Brian Laundrie’s remains to undergo DNA analysis

The remains found at the Myakkahatchee Creek Environmental Park were identified as Brian Laundrie’s through dental records.

Now, they need to undergo DNA analysis.

Once the examination by the medical examiner is complete, samples will be submitted for the analysis, the District 12 Medical Examiner said in a statement. The district oversees DeSoto, Manatee and Sarasota counties.

Brian Laundrie speaks to police during an investigation into an altercation between him and Gabby Petito in Moab, Utah. Credit: Moab Police Department. Department.

The North Port Police Department released the statement on Twitter, saying they have received inquiries about a false report that the DNA did not match Laundrie.

Laundrie, 23, was the only person of interest in the homicide of his fiancee 22-year-old Gabby Petito, whose body was recovered at Grand Teton National Park on Sept. 19. Petito was killed by manual strangulation on a trip she and Laundrie undertook to visit national parks in a converted camper van.

Laundrie was missing until his remains were recovered on Wednesday, Oct. 20.

K-9 officers played a special role in finding the remains. Two of the dogs specialize in human remains detection which ultimately helped to track bones scattered near Laundrie’s belongings.

“You have some remains, you know, that were pretty evident of a human and then you bring in these dogs to kind of scour the area,” said North Port Police Department Public Information Officer Josh Taylor.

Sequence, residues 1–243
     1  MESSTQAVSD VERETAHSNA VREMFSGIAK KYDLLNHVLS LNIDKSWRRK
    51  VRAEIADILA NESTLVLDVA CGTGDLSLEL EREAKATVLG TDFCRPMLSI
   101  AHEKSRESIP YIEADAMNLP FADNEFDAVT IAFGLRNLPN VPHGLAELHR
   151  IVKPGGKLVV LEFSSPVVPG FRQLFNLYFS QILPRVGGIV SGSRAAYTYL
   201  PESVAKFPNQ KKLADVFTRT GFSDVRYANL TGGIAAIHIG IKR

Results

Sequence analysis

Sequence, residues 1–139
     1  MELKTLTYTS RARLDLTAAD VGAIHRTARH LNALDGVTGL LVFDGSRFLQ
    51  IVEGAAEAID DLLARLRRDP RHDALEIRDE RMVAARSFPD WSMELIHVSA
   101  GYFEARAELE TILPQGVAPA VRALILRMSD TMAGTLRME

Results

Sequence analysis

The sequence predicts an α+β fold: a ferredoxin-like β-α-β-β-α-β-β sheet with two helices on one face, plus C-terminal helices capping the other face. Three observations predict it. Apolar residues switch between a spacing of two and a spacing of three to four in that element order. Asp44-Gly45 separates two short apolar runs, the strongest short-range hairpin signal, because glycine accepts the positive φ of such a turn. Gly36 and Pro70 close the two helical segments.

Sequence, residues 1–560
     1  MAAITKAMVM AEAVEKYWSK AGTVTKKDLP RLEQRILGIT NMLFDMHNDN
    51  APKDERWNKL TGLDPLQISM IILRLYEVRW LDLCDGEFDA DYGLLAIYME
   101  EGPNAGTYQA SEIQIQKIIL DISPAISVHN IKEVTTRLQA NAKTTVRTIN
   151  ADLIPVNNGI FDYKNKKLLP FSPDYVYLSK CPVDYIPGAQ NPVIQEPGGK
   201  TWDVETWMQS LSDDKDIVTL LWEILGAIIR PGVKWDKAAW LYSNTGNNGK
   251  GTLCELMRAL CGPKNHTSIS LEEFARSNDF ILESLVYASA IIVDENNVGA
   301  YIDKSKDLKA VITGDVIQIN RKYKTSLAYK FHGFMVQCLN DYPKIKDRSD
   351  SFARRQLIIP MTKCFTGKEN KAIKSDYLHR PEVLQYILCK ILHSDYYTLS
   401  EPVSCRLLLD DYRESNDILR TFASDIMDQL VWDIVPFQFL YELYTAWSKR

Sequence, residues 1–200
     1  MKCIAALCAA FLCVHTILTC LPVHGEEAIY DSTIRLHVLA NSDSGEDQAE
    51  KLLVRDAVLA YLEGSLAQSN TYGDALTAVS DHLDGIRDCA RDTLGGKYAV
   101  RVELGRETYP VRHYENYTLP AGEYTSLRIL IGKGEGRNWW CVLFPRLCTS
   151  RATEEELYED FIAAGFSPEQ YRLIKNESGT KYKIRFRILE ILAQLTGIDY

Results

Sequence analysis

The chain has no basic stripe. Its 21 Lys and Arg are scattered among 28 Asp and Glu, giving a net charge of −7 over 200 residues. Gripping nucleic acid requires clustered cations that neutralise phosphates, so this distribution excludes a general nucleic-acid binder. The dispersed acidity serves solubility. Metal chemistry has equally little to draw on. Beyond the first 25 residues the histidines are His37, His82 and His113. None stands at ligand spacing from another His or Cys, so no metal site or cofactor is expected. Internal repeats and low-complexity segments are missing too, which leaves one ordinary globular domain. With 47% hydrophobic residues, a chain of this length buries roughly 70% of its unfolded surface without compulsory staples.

Taylor said the conditions of Laundrie’s remains indicate he was likely dead for a while before he was found. The area where the remains were found was also underwater due to heavy rains.

The dogs spent days combing through terrain at the Carlton Reserve. Pasco County K-9s Diesel and Phi were on scene when investigators found the first bones near Laundrie’s backpack and notebook.

“Remember, these bones are spread out,” Taylor said. “They’re able to smell them and you know, help in that collection to figure out how far of an area you have.”

Diesel and Phi are two K-9s that are trained to find human remains. (CREDIT: Pasco County Sheriff’s Office)

Diesel and Phi worked to track down the remains that may have been moved by wildlife or floodwaters.

“It turned out to be you know, a pretty spread out,” Taylor said. “So those dogs were instrumental in sniffing out, you know, a bone or a piece of human remains that might be a little bit further away.”

Laundrie’s parents who helped find their son left North Port to grieve privately.

They returned on Tuesday.

Reporter:Erika Jackson
Writer:Melissa Montoya
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